I am disabled, and as I understand it, therefore my 401K funds are available to me for distribution without penalty. I am no longer eligible to contribute to the 401K plan or gain the benefits of employer matching 401k funds. The plans available to me through the employer chosen investment options do not even match an S&P index fund. I believe it would be FOOLish to move this money into a Roth IRA, where I can self-direct the investment of these funds.My income is not over the Roth IRA limits.I will be 59 1/2 in October 2000.I've read all your articles and looked at several other sites for Roth info.I'd like you to review the steps I intend to take and my understanding of their consequences and tell me if I have overlooked or misunderstood anything.Step 1. I rollover my 401K to a traditional IRA at my chosen brokerage (this has no tax consequences, but allows me to get ALL the money from the 401K into a single IRA, which I could NOT do if I withdrew the 401k money. I must rollover to a traditional IRA first because rollovers from 401Ks to Roth IRAs are not allowed. I must rollover ALL 401K funds into a SINGLE traditional IRA; I am not allowed to split it into more than one IRA account)2. I convert the traditional IRA to a Roth IRA (at this time I must pay taxes, at my current tax rate for the entire amount ... approximately $30,000 ... at which point this money, now in the Roth IRA MAY be withdrawn freely with no penalties or taxes once I am 59 1/2, even if the 5 years has not elapsed, although any profits made on the initial funds may NOT be withdrawn until the full five years are up).3. Once the conversion to Roth IRA has taken place, I can invest the funds anyway I want within the account and all profits are tax-free; losses may NOT be used as tax deductions).Thanks for your help.Harp Conn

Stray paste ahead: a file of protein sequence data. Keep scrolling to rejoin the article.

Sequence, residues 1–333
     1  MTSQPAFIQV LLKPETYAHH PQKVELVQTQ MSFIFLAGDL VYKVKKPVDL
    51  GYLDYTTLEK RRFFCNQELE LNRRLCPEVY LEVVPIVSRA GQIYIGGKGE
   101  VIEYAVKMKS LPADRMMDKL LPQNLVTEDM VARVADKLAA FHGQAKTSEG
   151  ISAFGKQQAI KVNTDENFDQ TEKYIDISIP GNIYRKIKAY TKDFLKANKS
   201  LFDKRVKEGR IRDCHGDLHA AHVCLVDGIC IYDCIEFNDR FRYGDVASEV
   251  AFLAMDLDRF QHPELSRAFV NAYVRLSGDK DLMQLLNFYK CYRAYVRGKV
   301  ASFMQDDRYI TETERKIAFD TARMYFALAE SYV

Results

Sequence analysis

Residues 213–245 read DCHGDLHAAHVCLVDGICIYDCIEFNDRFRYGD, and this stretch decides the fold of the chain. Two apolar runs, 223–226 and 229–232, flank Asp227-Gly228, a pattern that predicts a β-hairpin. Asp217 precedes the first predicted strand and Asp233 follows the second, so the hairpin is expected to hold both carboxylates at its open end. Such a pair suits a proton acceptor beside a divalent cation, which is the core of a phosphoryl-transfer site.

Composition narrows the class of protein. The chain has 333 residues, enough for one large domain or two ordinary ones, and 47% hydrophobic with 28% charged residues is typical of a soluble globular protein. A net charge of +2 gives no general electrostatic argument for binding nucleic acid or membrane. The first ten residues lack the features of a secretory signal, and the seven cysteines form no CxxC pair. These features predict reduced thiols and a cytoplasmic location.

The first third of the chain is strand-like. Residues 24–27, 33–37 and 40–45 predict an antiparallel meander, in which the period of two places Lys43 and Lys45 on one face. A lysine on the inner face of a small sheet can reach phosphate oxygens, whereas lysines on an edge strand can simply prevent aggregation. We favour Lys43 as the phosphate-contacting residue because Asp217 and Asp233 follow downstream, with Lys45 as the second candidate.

In your situation you may want to look into keeping it in the regular IRA unless you are planning to hold it in the roth for awhile without distributions. That way the tax can be spread over many years. Run the numbers and see. If you were not so close to retirement the Roth is the better deal, when you are within five years or so, it may not be depending on your situation. You may withdraw from a traditional ira at 59 1/2 as well.
The reason I want to get the money into a Roth IRA instead of a 401K or regular IRA is so my profits (or losses) will be tax-free.I will not change status from Long Term Disability to "Retired" until I'm forced to at 65. I plan to hold the money in the Roth and make it grow as well as I can through investing with the money IN THE ROTH as long as is humanly possible, taking out only the minimum (if any) I require for retirement income supplement or if I have health care or other unexpected expense.I'd like to rollover the 401K money into two Roth IRAs, half of the money each year for the next two years to try to keep the tax impact from bumping me into a higher bracket if I have to take the whole hit in one year. Can I do that? Or do I have to rollover ALL or NOTHING?
I guess the key here is that my income will NOT change significantly when I go from "disabled" category to "retired" category, so there is no significant tax benefit that I can see to waiting to pay taxes on the IRA or 401K rollover money ... and a big incentive to get the EARNINGS into a tax free status as soon as possible.Does this make sense?
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